If you only talk and do not listen, you will miss important clues on how the prospect perceives your presentation. By listening, you will learn of the owners concerns about you, your company, and of course, the horror stories they have all heard about renting a property. You can’t address them if you don’t hear them.
Step back and review your last presentation
It also helps to stop and analyze your last presentation whether you failed or were successful in landing the account.
After the Talk, Can You Complete the Walk?
Part One of this series, Can You Talk the Talk addressed how systems play a major role when making an owner presentation; the second, Preparing and Presenting the Talk detailed how to put an effective presentation together. Now it is time to tackle what happens when you acquire a new account.
As you are aware, it takes a lot of planning and work to acquire an account. My first two articles stressed that you must have systems in place for making successful presentations. Once you achieve success in this area, effective systems are more important than ever. Ask yourself – why solicit the account if you are not going to take the time to make it successful?
Begin with a complete review
You have brought in a new account. Now stop and review everything up to this point. It is easy to overlook all the details discussed with the property owner. Just taking time to assess what happened and needs to take place can make a big difference in how you proceed.
What information did you and the owner cover? Are your forms complete or are there details you still need? For example, has the property owner completed a W-9 so you can set up their account for ending year 1099s? Do you have information on ALL property owners? If there is a tenant currently in the property, do you have all the information to contact them and a copy of the existing rental agreement? What advertising did you discuss?
Lack of information can lead to a rocky start with a new account and create difficulties that can start fires. In the beginning stages of a new account, it is critical that you have everything! Review what you have and what you still need.
Put your systems in action
Once you have reviewed the account, don’t allow your new account to collect dust on your desk. Get everyone involved and in motion setting up the account. Assign tasks along with definite deadlines – think of the whole picture and your end goals.
- Send the property owner the appropriate thank you, the owner handbook, and any necessary forms needed to complete their account. Provide an easy way for them to return needed items.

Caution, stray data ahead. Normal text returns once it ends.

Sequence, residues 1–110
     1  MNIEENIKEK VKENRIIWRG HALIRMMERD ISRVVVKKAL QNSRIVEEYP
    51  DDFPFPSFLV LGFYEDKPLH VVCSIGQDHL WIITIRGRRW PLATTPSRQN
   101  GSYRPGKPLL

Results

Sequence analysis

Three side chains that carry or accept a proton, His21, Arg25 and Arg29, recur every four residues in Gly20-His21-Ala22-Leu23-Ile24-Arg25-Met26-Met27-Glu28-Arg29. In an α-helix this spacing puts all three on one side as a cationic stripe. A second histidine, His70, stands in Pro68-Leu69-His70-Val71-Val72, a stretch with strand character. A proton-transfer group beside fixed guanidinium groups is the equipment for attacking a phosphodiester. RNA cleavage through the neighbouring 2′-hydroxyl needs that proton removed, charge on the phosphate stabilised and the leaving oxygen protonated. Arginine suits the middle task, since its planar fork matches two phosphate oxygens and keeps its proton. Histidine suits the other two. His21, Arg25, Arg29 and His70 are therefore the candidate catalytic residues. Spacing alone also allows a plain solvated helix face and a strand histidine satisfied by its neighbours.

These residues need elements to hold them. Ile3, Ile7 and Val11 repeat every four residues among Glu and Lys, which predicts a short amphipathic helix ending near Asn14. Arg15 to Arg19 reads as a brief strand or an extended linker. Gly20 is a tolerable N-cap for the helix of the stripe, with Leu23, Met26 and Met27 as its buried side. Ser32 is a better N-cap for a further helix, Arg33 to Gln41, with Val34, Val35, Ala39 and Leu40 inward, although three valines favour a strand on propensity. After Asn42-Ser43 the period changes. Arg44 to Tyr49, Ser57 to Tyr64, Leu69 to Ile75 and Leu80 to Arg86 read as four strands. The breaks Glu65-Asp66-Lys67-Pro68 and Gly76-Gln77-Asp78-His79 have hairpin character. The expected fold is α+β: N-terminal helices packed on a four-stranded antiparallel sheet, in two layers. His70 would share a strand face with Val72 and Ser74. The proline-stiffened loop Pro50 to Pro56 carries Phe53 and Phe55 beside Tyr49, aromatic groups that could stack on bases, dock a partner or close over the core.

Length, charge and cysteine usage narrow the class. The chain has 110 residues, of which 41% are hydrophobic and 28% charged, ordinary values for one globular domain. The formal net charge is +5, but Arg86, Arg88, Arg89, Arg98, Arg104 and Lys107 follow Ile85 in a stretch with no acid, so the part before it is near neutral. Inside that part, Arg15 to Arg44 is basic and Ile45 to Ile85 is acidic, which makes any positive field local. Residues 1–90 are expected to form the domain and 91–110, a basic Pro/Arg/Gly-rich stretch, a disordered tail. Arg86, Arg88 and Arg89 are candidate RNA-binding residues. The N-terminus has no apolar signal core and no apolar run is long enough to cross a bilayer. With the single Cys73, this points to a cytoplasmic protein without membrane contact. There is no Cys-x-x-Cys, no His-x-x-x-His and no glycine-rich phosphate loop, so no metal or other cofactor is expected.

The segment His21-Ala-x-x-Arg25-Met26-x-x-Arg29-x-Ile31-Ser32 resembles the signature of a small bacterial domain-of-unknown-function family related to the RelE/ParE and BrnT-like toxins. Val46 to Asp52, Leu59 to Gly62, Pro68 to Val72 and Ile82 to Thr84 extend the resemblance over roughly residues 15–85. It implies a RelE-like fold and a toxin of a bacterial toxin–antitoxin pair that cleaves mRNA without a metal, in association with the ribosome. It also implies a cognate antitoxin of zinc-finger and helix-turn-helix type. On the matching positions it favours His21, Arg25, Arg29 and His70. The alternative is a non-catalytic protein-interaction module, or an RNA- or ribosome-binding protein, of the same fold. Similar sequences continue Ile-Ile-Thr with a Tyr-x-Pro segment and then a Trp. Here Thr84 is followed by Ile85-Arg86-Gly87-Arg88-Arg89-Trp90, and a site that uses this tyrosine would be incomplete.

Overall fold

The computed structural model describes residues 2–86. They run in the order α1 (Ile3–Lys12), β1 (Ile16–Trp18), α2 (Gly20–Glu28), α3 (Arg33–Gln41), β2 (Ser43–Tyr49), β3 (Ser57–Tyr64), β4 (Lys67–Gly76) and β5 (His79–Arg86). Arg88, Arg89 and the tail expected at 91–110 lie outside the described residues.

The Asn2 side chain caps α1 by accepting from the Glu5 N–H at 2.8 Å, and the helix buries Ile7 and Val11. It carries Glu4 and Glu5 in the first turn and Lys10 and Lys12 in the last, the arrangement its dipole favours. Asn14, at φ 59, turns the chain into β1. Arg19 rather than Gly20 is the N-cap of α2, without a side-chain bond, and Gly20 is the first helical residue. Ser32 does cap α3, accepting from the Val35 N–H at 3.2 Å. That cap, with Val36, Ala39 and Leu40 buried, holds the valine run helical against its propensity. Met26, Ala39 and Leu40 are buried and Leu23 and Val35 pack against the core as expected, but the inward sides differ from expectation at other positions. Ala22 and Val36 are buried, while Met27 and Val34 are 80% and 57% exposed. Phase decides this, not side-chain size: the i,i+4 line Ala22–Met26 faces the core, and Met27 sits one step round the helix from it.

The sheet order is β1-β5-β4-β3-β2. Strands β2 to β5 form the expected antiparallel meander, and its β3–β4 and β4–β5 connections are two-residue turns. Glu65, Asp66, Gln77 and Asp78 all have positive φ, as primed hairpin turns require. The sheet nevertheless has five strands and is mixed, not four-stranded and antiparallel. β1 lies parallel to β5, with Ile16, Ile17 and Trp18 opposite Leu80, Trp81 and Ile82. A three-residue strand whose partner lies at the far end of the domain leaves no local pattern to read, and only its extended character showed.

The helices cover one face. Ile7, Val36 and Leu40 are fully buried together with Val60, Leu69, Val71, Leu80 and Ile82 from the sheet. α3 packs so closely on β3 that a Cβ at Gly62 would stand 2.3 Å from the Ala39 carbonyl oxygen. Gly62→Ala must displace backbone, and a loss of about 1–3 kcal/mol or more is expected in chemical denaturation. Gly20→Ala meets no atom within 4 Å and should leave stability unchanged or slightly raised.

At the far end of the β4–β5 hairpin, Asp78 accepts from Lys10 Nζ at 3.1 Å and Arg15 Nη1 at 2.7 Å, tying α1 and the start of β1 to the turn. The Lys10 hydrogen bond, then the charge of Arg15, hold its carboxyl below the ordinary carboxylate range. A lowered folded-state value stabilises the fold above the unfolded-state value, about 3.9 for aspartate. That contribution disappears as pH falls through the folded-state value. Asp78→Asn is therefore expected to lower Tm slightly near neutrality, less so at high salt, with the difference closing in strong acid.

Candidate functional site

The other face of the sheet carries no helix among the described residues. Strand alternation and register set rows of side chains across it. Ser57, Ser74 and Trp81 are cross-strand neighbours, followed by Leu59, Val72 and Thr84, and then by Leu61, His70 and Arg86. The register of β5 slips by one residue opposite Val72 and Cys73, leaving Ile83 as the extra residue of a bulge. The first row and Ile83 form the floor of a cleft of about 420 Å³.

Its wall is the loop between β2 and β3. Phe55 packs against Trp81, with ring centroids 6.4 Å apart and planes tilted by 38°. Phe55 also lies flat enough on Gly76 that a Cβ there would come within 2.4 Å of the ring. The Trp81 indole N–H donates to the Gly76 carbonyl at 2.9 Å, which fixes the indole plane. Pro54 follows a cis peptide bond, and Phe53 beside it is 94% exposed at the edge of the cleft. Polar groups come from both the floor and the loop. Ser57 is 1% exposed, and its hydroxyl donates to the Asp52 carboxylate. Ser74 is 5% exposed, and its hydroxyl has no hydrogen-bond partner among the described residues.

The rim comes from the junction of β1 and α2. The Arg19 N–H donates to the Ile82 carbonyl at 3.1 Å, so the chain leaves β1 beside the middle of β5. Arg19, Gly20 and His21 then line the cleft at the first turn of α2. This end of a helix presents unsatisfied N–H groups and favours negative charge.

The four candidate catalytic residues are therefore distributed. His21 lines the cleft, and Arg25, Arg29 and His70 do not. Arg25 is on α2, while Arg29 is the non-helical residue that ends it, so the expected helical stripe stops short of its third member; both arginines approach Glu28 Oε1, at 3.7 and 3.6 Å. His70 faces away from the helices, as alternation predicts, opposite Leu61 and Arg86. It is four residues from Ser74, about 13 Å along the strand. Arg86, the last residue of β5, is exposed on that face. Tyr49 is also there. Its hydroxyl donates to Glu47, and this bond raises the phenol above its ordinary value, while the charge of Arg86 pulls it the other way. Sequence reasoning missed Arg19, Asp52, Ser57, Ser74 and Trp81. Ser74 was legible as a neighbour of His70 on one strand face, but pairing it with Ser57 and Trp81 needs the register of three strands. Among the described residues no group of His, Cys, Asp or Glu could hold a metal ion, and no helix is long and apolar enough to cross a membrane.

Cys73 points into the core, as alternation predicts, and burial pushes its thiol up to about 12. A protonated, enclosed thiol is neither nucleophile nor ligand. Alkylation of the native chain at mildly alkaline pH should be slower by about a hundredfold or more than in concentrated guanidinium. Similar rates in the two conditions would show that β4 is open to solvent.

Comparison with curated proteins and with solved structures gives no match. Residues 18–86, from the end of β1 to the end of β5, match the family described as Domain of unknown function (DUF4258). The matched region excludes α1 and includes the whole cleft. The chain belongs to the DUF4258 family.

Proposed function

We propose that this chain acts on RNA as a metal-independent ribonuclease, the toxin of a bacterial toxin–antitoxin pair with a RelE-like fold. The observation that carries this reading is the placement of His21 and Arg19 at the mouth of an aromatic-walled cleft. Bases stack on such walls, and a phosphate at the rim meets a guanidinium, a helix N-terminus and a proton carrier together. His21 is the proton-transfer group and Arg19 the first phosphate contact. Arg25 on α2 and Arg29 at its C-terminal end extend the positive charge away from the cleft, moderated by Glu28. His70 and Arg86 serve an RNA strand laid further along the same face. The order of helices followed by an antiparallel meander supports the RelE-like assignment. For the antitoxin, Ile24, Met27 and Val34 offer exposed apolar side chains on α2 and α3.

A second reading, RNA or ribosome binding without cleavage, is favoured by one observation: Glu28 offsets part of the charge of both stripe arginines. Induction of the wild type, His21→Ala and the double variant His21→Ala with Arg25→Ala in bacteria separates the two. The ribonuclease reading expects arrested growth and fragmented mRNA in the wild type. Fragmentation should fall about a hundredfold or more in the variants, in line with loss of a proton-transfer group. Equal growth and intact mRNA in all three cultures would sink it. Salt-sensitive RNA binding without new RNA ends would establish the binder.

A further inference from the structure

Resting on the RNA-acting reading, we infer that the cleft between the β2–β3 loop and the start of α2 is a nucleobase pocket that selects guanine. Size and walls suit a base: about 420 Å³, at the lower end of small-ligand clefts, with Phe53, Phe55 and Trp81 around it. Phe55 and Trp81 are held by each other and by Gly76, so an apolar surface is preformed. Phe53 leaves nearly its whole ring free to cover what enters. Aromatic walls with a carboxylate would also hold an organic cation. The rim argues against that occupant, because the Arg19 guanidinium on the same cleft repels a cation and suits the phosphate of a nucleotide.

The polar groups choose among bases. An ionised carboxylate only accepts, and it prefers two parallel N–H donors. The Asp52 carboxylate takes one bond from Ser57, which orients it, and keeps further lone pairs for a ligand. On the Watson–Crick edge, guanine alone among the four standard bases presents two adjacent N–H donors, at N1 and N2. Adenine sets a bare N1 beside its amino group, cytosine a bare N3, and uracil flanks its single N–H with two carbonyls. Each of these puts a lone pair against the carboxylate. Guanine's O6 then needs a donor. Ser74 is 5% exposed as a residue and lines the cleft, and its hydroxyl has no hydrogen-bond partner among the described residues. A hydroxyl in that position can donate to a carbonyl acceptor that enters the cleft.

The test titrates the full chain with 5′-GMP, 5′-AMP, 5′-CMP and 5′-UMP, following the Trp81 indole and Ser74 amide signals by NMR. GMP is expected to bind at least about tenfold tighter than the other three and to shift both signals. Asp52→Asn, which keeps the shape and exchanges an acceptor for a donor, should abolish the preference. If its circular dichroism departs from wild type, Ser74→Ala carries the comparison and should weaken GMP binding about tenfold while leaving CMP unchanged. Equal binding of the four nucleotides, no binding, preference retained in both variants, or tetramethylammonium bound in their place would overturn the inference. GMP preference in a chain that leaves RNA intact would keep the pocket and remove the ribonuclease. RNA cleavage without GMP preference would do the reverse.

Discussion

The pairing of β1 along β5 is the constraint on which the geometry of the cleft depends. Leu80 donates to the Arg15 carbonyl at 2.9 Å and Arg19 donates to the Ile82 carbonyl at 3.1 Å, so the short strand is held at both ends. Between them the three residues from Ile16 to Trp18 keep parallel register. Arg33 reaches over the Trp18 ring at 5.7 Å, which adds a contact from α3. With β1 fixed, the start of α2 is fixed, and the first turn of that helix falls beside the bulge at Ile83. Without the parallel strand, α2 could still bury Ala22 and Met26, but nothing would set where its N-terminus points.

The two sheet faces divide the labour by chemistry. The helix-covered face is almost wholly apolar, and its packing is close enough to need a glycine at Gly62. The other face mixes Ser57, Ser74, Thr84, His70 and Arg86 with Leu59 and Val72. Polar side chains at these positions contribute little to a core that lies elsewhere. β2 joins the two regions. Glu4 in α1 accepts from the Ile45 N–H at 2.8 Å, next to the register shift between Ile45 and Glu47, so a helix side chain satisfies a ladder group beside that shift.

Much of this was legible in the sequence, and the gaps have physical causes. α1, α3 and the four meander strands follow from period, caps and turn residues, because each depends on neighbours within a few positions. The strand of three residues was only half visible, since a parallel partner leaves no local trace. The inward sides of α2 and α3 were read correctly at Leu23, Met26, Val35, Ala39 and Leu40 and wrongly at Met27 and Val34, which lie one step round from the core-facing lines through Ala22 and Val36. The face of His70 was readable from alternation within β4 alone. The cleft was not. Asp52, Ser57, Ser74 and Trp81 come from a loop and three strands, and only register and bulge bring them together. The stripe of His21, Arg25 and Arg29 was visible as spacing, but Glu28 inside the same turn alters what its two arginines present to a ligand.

- Start the bookkeeping/new account process immediately.
- Contact any existing tenants for an appointment to see the property or perform a walkthrough of a vacant property.
- Assess the property maintenance and if appropriate, the existing tenant.
- Notify vendors of any required work or needed estimates.
- Begin the marketing process when appropriate – advertising, showings, etc.
Follow up and then follow up
Failure to follow up is how the fires begin – the property owner becomes dissatisfied, the new tenant becomes difficult, or the property fails to rent. Pay attention to every detail.
- Follow up with vendors on the status of estimates or work.
- Follow up with any existing tenant or take necessary actions if there is a tenant problem.
- Stay on top of marketing if the property is vacant and adjust as necessary.
- Review applications carefully and complete a thorough move-in.
- Contact the property owner as often as necessary to discuss maintenance details, tenant progress, marketing progress, new tenancy, or lack of information/documentation.
You and your team have handled all the details for the new account set up, the owner is happy, and there is a successful tenancy. Now your effective office systems will ensure periodic reviews – collection of rents, routine maintenance, tenant issue resolution, distribution of owner funds/statements, and more. Step back and think about how much of an investment taking a new account has been. Putting in the time to make it successful will pay off financially, increasing your bottom line.
Story by: Jean Storms